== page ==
WARSAW — This year marks the 10th year Cynthia Cates has served as executive director of Kosciusko Literacy Services. “It doesn’t seem that long,” she quipped.
In the last decade she has helped define the agency’s mission to help break the “cycle of poverty and illiteracy” through programs like the Read to Grow Children’s Book Club, One-on-One Tutoring for Adults and the Jail High School Equivalency Diploma program, with the support of United Way. This year, Cates also hopes to kick off a new project to raise funds for Literacy Services’ endowment and help solidify the agency’s financial future.
Raising funds is a constant challenge for non-profits like KLS, and directors of similar agencies around Indiana can look to Cates’ efforts in Kosciusko County as a model for illustrating the effectiveness of early education initiatives like Read to Grow. Combining data from the free and reduced lunch program with the third grade language arts portion of Indiana Statewide Testing for Educational Progress, or ISTEP+ from 2009 to 2014, Cates was able to offer solid evidence of improvement. “Since the inception of Read to Grow Children’s Book Club, the improvement in the percentage of children on the free and reduced lunch program passing the language arts portion of the third grade ISTEP+ shows a 96 percent correlation rate,” she stated.
Those students showed a 12 to 15 percent improvement. Cates also found more than 45 percent of the club’s graduates made the honor roll in third grade. Seven hundred seventy-five children from low income homes received monthly book selections and their parents read a combined 12,100 hours.
According to Cates, “Reading to children at an early age helps the child’s brain to develop language and reading skills,” and studies bear this out, her own included. “An indirect outcome of this program is that the bond between parent and child is enhanced during the quality interaction of reading stories,” added Cates.
“This program has proven, positive results,” she concluded.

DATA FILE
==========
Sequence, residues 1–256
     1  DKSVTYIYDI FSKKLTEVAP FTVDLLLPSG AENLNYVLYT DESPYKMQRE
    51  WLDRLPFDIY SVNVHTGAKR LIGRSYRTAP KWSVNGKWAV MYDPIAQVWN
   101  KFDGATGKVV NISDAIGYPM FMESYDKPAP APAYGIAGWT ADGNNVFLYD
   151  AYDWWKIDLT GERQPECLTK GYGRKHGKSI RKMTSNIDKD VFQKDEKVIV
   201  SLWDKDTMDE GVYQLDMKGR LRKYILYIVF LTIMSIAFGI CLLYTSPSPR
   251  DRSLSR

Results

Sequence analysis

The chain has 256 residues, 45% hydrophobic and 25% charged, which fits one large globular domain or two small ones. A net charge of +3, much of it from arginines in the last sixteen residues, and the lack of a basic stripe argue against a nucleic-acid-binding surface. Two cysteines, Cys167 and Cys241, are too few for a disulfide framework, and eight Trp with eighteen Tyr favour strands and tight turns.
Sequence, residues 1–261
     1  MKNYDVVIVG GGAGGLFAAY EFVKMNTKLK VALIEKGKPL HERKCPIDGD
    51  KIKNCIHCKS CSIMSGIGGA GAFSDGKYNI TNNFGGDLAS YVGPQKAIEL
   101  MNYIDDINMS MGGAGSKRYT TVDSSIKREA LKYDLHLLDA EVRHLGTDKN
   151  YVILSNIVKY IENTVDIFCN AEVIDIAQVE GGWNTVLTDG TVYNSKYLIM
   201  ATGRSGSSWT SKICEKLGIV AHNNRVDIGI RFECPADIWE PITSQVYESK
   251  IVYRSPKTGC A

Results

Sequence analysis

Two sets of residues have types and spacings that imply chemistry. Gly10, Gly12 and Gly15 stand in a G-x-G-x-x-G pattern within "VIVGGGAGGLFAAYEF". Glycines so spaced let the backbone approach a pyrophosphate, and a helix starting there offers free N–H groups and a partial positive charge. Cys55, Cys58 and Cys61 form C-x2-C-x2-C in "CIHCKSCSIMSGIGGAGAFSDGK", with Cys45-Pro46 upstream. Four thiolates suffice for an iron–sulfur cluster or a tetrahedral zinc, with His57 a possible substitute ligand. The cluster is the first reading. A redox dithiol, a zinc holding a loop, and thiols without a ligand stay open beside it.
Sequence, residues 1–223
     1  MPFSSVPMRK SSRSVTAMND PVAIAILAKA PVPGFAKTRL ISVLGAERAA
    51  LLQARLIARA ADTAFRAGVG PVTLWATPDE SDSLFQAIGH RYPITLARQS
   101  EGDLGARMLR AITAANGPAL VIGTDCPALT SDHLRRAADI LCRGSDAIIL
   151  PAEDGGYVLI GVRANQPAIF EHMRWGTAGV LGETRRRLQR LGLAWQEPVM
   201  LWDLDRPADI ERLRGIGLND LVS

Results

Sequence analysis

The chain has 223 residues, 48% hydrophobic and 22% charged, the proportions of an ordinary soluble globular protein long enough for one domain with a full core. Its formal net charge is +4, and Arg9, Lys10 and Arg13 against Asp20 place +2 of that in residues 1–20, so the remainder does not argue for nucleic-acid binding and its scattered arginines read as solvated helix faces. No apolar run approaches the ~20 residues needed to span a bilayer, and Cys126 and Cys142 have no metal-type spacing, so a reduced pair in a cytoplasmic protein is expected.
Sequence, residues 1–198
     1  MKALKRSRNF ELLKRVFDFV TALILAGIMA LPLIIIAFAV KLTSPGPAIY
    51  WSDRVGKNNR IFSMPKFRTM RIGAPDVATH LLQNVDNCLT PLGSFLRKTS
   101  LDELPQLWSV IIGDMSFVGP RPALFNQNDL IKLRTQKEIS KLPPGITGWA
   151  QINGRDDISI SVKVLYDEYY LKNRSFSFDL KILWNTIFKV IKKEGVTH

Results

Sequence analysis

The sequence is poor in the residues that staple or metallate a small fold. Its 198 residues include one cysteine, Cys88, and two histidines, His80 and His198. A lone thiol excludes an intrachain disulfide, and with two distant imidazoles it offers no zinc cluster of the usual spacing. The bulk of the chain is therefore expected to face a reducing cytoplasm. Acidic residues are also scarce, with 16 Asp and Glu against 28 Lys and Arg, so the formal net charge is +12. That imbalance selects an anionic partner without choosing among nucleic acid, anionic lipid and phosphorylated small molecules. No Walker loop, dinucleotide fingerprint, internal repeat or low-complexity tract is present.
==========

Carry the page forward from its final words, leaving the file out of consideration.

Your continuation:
In 2014, Kosciusko Literacy Services also collaborated with Warsaw Adult Education and Work One to help 92 adults earn their high school equivalency diploma. Another five inmates at the Kosciusko County Jail did the same, greatly reducing their chances of recidivism. All of these people, and the 299 enrolled at Warsaw Adult Education improved their education level. “This helps increase employability,” Cates observed.
This spring, Literacy Services is holding its community book read, which will feature the stories and poems of Edgar Allan Poe. In mid-March, books will be placed throughout the county in bright yellow bins. Dr. Elliott Engel will speak at area schools as well as the 2016 author dinner Thursday, April 14, at Noa Noa Wood Grill, another important fundraiser supporting the agency’s work.
Cates is also planning an ambitious effort based on London, England’s “Books About Town.” In London, the National Literary Trust auctioned off “bookbench sculptures” designed by local artists and inspired by famous books and authors: Dr. Seuss characters, Charles Dickens’ “Great Expectations,” Helen Fielding’s “Bridget Jones’ Diary.” Cates hopes to collaborate with Lakeland Art Association to decorate the benches.
They will then be auctioned and sold to businesses and individuals. Her goal is $1,500,000, to be placed into an endowment, which will help secure Kosciusko Literacy Services’ future efforts to break the cycle of illiteracy and poverty.